THE education sector must do more to promote STEM among girls, says Academy of Sciences Malaysia Fellow Prof Datuk Halimaton Hamdan.
Teacher education and recruitment policies must ensure a fair representation of male and female teachers in all subjects, at all education levels. In higher level education, students look to their teachers as role models as they begin to shape career perspectives and make choices, she says.
A presenter at the recent “APEC Women in STEM” event in Hanoi, Vietnam, she spoke about cultivating a STEM-enabling environment for Malaysian girls and women.
“For women to be more aware of career opportunities in STEM, teachers and role models play an important part in guiding and encouraging them,” she says.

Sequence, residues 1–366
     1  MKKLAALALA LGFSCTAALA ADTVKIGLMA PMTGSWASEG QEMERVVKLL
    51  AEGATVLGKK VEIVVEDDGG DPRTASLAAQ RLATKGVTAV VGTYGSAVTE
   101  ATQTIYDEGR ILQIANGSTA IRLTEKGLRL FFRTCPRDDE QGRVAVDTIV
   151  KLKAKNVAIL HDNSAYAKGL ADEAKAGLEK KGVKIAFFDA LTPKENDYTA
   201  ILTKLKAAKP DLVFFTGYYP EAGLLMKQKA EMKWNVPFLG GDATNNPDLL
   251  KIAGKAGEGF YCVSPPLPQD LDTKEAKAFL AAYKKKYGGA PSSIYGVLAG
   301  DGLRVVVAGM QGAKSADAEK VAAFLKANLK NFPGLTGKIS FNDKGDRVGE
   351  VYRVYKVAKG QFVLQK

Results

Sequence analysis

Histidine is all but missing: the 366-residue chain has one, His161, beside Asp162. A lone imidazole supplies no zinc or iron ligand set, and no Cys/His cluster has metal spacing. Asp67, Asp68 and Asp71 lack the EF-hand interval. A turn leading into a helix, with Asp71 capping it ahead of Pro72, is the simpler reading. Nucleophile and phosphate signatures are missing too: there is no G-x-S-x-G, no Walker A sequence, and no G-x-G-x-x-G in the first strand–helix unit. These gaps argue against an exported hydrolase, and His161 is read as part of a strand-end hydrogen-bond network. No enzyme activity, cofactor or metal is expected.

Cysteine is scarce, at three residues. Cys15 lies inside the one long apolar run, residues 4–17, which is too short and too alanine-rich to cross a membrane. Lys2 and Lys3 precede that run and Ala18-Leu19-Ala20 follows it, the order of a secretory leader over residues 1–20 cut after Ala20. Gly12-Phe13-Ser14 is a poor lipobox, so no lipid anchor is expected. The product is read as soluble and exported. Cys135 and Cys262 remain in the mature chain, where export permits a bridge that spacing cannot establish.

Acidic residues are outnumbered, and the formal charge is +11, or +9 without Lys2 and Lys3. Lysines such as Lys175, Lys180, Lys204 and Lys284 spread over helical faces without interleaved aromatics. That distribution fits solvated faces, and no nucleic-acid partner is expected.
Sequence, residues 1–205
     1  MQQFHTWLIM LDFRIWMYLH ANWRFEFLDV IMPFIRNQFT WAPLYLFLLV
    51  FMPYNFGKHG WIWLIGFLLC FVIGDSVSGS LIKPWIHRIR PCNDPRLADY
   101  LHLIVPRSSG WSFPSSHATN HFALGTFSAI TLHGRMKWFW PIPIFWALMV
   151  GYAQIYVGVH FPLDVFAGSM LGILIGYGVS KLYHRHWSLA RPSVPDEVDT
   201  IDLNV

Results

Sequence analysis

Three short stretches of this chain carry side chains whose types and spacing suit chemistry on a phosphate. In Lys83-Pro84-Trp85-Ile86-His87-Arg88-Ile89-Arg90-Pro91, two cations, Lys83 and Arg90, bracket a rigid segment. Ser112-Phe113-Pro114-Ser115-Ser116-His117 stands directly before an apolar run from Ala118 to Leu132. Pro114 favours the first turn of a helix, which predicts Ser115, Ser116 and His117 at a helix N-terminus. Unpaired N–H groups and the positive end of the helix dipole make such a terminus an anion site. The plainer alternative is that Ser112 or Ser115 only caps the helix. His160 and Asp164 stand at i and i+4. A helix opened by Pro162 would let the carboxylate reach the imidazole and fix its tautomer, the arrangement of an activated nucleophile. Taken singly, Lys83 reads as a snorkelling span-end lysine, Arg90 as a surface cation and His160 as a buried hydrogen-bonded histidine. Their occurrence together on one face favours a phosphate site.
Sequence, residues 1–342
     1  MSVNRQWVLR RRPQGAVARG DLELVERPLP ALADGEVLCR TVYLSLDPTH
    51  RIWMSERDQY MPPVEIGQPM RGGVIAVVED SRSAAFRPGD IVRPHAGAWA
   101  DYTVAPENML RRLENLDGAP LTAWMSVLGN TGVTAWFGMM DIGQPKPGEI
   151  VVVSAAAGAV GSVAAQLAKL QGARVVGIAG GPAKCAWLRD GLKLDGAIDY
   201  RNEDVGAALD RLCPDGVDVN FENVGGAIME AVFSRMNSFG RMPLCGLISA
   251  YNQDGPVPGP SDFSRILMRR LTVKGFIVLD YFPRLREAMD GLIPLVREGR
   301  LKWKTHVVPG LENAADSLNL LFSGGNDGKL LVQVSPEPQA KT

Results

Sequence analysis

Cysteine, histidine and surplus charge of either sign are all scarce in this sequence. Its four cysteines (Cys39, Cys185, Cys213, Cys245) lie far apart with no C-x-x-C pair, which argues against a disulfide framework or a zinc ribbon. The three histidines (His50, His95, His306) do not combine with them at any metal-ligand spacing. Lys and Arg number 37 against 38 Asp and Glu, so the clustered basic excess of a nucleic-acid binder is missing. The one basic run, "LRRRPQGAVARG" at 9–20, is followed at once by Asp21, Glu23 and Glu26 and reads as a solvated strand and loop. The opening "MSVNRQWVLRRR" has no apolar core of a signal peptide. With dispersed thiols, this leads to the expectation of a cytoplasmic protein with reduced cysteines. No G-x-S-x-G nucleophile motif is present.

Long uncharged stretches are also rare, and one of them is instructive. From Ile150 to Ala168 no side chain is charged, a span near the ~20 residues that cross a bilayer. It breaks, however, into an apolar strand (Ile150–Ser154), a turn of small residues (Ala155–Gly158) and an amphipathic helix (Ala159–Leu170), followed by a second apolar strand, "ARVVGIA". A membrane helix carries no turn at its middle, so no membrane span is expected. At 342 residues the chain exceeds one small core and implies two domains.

Among the suggestions by the academy to get more women in STEM:
> Increase STEM workshops
These catalysts break the stereotype that the tech industry is male-dominated and they give students, especially girls, hands-on experience.
> Highlight successful women
Promoting young, successful individuals like Hafizah Noor Isa, who was part of a team that proved Einstein’s gravitational waves theory, provides students with career guidance and encourages girls to pursue STEM subjects.
> Offer scholarship programmes targeted at women
This increases opportunities for girls to have STEM careers.
> Organise STEM competitions
Students will then be encouraged to harness their understanding for STEM as a key to innovation and creating new technologies.